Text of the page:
The Sciences

News Roundup: Zombie Ants Controlled by Newly Discovered Fungi

80beatsBy Andrew MosemanMar 4, 2011 9:52 PM


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  • We at DISCOVER have always loved the terrifying specter of zombie animals controlled by menacing wasps, worms, and barnacles. This week there's a new terror on the loose: Four newly found fungi that grow stalks right through the head of zombie ants in the Brazilian rainforest.

  • No glory for Glory: The NASA climate mission we covered last week—which was to study the interaction of the sun's radiation, aerosols, and greenhouse gases in the atmosphere—ended in failure as it did not reach orbit in its launch attempt today.

  • It's not Mega Shark vs. Giant Octopus, but a paleontologist's research suggests that the story of North American survival long ago may have been bison v. mammoth. Eric Scott says the influx of bison from Eurasia may have doomed the saber-tooth cat, mammoth, and other megafauna that couldn't compete.

  • Not just football: A scan of the donated brain of Bob Probert, longtime NHL enforcer, shows he had chronic traumatic encephalopathy—the degenerative brain condition that many former NFL players are showing.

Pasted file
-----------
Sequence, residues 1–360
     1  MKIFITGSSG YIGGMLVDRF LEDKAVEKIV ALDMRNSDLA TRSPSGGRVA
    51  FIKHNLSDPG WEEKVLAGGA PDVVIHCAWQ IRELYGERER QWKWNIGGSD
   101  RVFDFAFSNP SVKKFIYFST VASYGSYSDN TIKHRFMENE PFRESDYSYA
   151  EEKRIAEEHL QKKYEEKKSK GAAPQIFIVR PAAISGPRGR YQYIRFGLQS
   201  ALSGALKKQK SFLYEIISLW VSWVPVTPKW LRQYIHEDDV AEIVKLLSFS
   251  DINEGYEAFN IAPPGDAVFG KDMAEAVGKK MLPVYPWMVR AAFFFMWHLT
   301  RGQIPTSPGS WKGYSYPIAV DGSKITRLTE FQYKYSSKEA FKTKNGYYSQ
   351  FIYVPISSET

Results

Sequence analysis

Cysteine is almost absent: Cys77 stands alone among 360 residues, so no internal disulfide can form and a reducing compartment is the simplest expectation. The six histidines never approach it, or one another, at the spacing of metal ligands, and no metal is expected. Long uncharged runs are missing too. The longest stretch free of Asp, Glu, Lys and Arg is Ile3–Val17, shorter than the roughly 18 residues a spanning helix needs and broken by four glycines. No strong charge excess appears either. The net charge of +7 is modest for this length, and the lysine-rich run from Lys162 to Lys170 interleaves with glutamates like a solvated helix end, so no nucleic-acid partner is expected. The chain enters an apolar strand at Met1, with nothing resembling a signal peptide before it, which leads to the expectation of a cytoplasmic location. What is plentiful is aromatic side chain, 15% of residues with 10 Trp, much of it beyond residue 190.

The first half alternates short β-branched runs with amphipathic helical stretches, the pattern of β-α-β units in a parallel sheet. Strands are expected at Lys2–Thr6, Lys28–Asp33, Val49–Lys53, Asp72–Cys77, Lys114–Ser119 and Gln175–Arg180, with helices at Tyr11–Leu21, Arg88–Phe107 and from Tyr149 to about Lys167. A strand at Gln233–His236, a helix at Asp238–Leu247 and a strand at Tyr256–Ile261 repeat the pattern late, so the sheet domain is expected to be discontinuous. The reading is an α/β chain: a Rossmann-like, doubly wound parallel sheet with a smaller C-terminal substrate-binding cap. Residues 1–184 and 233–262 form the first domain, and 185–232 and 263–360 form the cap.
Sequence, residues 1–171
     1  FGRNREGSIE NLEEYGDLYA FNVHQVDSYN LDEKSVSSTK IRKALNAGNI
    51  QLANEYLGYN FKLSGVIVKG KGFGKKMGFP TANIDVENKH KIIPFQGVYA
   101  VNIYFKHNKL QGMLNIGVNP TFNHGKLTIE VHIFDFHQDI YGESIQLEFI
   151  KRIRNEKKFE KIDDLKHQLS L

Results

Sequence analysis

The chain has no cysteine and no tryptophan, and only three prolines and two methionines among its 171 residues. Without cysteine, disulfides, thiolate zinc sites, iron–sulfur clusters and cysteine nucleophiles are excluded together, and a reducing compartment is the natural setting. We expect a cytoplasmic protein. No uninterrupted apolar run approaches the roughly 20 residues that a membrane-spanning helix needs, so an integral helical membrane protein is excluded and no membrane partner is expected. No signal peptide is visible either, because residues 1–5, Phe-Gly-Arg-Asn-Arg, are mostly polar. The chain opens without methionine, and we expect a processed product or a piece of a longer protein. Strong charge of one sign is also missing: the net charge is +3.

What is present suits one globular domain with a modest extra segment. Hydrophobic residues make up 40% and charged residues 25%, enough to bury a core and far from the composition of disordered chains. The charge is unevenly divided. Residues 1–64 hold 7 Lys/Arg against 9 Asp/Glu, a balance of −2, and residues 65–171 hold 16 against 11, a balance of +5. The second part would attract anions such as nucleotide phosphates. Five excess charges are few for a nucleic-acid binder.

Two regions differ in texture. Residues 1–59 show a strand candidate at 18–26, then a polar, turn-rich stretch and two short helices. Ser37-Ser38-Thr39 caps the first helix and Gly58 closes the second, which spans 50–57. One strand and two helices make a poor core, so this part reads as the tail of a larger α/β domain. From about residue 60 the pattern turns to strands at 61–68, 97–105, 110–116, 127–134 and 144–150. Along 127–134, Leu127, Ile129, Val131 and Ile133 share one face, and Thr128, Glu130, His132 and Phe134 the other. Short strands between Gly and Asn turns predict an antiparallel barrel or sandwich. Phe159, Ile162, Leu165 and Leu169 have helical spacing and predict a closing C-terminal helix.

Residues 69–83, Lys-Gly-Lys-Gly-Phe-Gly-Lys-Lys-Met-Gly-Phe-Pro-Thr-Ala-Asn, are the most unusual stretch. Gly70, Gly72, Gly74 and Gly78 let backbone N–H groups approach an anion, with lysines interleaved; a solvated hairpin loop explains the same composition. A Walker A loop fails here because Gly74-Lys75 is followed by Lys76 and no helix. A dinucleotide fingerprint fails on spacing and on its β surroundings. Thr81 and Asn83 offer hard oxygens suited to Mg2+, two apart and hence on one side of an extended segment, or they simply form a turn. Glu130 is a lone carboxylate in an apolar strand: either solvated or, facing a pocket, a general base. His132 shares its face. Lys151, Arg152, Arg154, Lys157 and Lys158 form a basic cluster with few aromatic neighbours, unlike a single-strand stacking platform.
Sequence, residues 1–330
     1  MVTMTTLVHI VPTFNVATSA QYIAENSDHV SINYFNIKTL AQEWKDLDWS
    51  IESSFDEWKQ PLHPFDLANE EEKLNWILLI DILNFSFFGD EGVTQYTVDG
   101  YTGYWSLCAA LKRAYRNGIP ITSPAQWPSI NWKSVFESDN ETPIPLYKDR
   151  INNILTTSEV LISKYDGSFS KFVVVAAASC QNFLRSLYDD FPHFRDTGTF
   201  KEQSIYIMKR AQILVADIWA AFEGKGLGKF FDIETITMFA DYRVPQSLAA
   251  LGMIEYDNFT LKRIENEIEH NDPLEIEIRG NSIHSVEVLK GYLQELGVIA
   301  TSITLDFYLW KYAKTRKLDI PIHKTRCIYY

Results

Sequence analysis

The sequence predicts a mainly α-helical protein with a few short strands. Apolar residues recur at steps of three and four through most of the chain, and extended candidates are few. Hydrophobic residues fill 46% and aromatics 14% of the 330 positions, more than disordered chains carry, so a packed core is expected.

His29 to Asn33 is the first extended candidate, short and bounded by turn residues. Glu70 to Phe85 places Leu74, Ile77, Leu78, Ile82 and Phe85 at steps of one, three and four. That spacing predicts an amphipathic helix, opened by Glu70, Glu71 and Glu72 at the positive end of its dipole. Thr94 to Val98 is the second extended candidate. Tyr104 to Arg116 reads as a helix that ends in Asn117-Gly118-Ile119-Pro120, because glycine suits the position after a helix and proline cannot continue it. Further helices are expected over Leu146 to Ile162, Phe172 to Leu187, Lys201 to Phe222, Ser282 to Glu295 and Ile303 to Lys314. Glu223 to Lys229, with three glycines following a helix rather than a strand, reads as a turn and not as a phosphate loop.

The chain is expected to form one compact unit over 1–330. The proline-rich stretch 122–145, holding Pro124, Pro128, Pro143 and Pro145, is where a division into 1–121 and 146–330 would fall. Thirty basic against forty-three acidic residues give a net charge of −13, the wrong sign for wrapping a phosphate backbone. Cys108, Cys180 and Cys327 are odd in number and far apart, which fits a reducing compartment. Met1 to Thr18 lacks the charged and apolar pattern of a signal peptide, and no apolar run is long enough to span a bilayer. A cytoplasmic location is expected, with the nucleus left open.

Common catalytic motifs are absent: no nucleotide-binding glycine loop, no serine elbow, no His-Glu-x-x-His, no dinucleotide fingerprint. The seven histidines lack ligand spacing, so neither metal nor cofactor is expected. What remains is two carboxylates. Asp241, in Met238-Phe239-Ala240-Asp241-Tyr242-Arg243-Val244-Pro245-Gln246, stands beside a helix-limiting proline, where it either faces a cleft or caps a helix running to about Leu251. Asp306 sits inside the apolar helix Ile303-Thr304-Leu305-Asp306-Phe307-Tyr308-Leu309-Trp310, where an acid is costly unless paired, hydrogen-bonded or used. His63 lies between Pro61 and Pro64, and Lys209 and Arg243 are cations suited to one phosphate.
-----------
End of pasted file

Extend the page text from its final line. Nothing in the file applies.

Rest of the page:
• A Nature poll of 1,000 biomedical scientists reveals that 90 percent believe animal research is essential for science, but that 30 percent know someone who has been negatively affected by animal rights protests. Of the thousand, 54 "said that they had actually changed the direction of their research as a result of misgivings about their research practices."

  • A dental clue to climate: Horse teeth from millions of years ago can help scientists reconstruct what plant life was like and how it would have changed, because horses' teeth would have evolved with their changing diet.

Image: David Hughes

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